If I told you that you could go from flip­ping burg­ers at a fast food restau­rant to own­ing a mil­lion-dol­lar com­pany, would you be­lieve me? That’s the true-life story of Steve Ak­ers from Colorado Springs, Colorado. Steve grew up around his grand­fa­ther build­ing ve­hi­cles at the age of 13. When he got the chance, he put his knowl­edge to work after pur­chas­ing his first ve­hi­cle, an '85 Fire­bird. Steve spent the en­tire sum­mer flip­ping burg­ers at Wendy’s to earn enough ex­tra money to cus­tom­ize that Fire­bird. “I had to do all my own work, “Steve tells LRM. “It wasn’t al­ways the best, but I learned a lot.”

Cus­tom ve­hi­cles re­mained his pas­sion but in 1995, at 22 years old, Steve had his first son and took a step back. It was a 20-year step back as he fo­cused on putting his fam­ily first. He be­gan build­ing a suc­cess­ful trade by be­com­ing a chef for a small com­pany and then mov­ing to one of the largest ho­tels in the state. At 28 years old Steve went back to school and re­ceived a de­gree in en­vi­ron­men­tal stud­ies. Once he earned his de­gree, he started a busi­ness by team­ing up with a great part­ner with­out ever bor­row­ing a cent.

Now that his com­pany was start­ing

to grow and his chil­dren were older, Steve went on the search for not only a new ve­hi­cle but one that em­bod­ied suc­cess. At the time Steve was driv­ing a Yukon but it didn’t have the “suc­cess fac­tor” that he de­sired. One day on his way to drop­ping his kids off at school, he saw an '05 Hum­mer H2 in solid black at a lo­cal car lot. After he dropped the kids off, he went to that deal­er­ship and pur­chased the Hum­mer. When the bell rang, his kids didn’t even rec­og­nize their fa­ther wait­ing for them in a brand-new Hum­mer.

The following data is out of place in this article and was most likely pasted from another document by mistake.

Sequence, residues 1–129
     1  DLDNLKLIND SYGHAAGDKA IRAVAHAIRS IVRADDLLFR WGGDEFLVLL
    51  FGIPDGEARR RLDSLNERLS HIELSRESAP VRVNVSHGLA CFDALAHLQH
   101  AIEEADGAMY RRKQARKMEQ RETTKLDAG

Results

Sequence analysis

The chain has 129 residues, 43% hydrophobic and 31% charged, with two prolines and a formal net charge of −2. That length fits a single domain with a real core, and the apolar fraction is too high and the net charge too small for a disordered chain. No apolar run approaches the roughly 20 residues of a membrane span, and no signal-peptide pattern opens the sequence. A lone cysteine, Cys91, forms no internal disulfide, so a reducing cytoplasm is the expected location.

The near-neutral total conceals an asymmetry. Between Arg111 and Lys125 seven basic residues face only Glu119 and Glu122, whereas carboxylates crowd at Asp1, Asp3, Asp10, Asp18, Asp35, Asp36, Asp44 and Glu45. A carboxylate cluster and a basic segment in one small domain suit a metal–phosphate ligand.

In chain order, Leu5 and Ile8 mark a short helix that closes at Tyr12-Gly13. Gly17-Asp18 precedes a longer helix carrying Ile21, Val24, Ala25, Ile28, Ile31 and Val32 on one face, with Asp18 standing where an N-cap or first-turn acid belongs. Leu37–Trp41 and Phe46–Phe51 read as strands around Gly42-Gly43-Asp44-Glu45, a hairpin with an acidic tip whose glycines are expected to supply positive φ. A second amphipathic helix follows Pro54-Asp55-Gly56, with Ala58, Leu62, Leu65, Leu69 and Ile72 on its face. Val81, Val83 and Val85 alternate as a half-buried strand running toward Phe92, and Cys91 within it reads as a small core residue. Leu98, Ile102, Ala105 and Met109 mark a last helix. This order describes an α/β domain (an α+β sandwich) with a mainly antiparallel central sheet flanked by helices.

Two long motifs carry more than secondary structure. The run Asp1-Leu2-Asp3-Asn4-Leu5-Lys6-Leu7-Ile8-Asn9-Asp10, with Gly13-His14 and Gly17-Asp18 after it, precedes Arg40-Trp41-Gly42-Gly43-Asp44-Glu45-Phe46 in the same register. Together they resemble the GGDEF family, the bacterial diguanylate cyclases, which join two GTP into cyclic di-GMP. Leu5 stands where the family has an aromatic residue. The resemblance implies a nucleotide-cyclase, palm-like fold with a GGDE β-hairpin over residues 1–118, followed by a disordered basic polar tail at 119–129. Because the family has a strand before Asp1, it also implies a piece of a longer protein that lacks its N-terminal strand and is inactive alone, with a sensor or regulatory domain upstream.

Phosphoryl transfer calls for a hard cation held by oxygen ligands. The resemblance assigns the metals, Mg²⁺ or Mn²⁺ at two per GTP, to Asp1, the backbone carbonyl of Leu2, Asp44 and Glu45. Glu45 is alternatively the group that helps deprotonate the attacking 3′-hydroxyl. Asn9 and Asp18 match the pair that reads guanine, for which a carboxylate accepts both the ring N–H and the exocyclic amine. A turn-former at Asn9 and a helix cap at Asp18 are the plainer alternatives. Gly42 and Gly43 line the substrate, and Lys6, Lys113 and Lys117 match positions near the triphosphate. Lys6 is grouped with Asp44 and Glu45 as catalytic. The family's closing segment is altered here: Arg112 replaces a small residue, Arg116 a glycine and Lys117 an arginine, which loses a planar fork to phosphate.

For the first cou­ple years that he owned the Hum­mer he did what any new Hum­mer owner would do, he went to the sand dunes and jumped hills, test­ing the vir­tu­ally in­de­struc­tible SUV. With al­ways that flare for cre­ativ­ity, Steve just couldn’t leave the Hum­mer alone as he started ad­ding TVs to the truck. “It started with one, then four, then 10, and be­fore I knew there were 28.” Steve adds, “I guess I go all-in when I de­cide to cus­tom­ize some­thing.” Well, his all-in was an un­der­state­ment as Steve or­dered all of the chrome ex­te­rior parts for the SUV and had them triple­plated chrome.

For the ex­te­rior, air­brush ex­pert Tom Stacks was brought in to add skulls and mu­rals in door­jambs, the en­gine com­part­ment, and frame.

The next step was chang­ing the ba­sic black color to some­thing that stood out and car­ried the same flare that Steve pos­sessed. He en­listed Q from Ex­quis­ite Auto Body for the com­plete color change to a House of Kolor candy pur­ple with mas­sive flake. Chuckie added pin­stripe through­out the truck to make the paint pop even more. Rollin han­dled all the undercarriage chrome plating and San­ti­ago from Krazy Kut­ting en­graved vir­tu­ally ev­ery piece of vis­i­ble chrome. A set of Gio­vanni Settes fin­ished off the build.

As the owner of a mil­lion-dol­lar HVAC com­pany called A&H Me­chan­i­cal, Steve looks back at his time flip­ping burg­ers and knows that he put his heart and soul into achiev­ing the Amer­i­can dream. “I never took a hand­out, and I never ex­pected any­one to do any­thing for me,” Steve says proudly. He wants to thank ev­ery­one who stood be­side him along the way, in­clud­ing his crazy pin­strip­ing, his en­tire City Wide fam­ily in Colorado, Texas, Ari­zona, Cal­i­for­nia, and

Kansas City. A spe­cial thanks to his club pres­i­dent and best friend Chris Kauf­man, as well as his fam­ily, his chil­dren, and all his friends in the Lowrider com­mu­nity for their pas­sion and sup­port.

The H2 was built by AM Gen­eral un­der con­tract by Gen­eral Mo­tors at AM Gen­eral mil­i­tary assem­bly plant in In­di­ana.

6,600 pounds rolling on 28inch Gio­vanni Settes and Lex­ani tires.

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